(Analysis of the crystal structure of lefamulin suggests that it binds to the peptidyl transferase center of bacterial ribosomal RNA, but not to human rRNA, leading to inhibition of bacterial but not mammalian protein synthesis).
  • Veve MP, Wagner JL. Lefamulin: review of a promising novel pleuromutilin antibiotic. Pharmacotherapy. 2018;38:935–46. [PubMed: 30019769]
    (Review of the structure, mechanism of action, spectrum of activity, clinical efficacy and safety of lefamulin, a novel antibiotic with activity against most gram positive bacteria; in discussion of safety mentions that “no clinically significant findings in any laboratory assessments… were reported”).
  • Wicha WW, Prince WT, Lell C, Heilmayer W, Gelone SP. Pharmacokinetics and tolerability of lefamulin following intravenous and oral dosing. J Antimicrob Chemother. 2019;74 Supplement 3:iii19–iii26. [PMC free article: PMC6449572] [PubMed: 30949704]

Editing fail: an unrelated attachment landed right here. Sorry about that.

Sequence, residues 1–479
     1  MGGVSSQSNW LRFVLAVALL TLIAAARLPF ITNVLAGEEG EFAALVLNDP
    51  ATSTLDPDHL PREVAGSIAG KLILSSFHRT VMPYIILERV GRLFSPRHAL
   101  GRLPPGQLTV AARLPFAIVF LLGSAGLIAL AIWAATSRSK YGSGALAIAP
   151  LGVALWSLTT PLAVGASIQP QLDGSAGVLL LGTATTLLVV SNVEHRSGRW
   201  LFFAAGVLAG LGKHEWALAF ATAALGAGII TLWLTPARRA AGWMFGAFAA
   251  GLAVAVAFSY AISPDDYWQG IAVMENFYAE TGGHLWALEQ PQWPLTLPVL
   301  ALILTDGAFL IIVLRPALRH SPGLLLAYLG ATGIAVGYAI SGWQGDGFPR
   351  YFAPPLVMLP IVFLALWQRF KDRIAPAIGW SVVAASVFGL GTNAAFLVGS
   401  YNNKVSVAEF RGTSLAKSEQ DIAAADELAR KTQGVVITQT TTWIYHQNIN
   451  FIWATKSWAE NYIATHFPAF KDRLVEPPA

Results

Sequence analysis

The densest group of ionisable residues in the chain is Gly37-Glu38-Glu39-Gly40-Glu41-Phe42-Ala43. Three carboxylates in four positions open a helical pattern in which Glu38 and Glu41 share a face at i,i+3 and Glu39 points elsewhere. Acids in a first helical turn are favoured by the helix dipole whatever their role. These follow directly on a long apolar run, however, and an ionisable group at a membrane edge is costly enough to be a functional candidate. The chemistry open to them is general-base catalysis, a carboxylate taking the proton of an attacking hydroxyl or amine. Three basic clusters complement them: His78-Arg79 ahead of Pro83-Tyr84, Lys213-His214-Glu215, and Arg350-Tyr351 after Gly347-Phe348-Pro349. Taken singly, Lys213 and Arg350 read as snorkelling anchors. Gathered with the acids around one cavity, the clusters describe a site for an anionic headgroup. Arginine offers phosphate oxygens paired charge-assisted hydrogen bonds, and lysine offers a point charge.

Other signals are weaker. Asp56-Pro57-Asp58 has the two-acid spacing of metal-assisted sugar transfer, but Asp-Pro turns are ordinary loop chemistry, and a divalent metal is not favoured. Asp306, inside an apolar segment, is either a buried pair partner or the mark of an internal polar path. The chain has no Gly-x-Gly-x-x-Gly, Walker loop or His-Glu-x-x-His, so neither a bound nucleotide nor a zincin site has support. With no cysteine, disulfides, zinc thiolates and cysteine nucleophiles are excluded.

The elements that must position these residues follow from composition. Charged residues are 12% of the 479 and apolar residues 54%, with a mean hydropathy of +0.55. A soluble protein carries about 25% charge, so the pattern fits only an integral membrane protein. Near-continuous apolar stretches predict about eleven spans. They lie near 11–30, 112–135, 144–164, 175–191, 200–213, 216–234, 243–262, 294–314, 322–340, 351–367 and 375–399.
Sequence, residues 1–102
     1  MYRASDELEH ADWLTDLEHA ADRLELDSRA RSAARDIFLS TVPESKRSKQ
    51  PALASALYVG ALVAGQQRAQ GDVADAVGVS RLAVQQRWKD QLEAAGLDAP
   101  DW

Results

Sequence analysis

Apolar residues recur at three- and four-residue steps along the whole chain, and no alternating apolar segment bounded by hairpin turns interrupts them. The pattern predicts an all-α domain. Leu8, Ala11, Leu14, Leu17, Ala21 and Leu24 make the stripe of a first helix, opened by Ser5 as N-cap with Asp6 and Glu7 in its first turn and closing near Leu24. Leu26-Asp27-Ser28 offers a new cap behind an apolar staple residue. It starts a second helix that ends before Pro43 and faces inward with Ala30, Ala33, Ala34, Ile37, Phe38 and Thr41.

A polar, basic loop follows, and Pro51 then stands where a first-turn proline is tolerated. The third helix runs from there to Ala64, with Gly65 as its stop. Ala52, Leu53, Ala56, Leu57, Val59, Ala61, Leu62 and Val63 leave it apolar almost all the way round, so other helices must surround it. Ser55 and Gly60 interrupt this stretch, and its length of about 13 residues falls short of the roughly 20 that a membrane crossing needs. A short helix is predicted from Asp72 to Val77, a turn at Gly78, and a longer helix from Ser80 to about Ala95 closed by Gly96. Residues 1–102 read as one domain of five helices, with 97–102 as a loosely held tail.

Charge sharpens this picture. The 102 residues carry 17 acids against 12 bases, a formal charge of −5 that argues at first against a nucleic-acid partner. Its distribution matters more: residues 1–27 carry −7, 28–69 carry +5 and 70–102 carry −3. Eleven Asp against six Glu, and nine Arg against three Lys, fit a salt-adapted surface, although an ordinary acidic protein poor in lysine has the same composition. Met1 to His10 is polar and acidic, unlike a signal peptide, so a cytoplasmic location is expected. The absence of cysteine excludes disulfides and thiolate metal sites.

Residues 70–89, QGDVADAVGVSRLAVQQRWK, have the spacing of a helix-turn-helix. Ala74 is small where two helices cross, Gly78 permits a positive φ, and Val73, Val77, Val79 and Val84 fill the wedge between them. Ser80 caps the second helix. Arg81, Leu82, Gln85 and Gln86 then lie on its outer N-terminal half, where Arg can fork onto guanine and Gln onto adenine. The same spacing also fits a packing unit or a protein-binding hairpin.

(Human pharmacokinetic studies of lefamulin in 116 adults indicated that oral and intravenous dosing yielded comparable plasma levels, and side effects were mostly mild-to-moderate gastrointestinal symptoms; no mention of ALT levels or hepatotoxicity).
  • Alexander E, Goldberg L, Das AF, Moran GJ, Sandrock C, Gasink LB, Spera P, et al. Oral lefamulin vs moxifloxacin for early clinical response among adults with community-acquired bacterial pneumonia: the LEAP 2 randomized clinical trial. JAMA. 2019 Sep 27; [Epub ahead of print] [PMC free article: PMC6865224] [PubMed: 31560372]
    (Among 738 adults with community acquired pneumonia treated with oral lefamulin [600 mg twice daily] or moxifloxacin [400 mg once daily] for 5 days, early clinical response rates were identical [91%], while gastrointestinal adverse events were more frequent with lefamulin including diarrhea [12% vs 1%] and nausea [5% vs 2%], but not ALT or AST elevations [0.5-0.8% vs 1.1%]).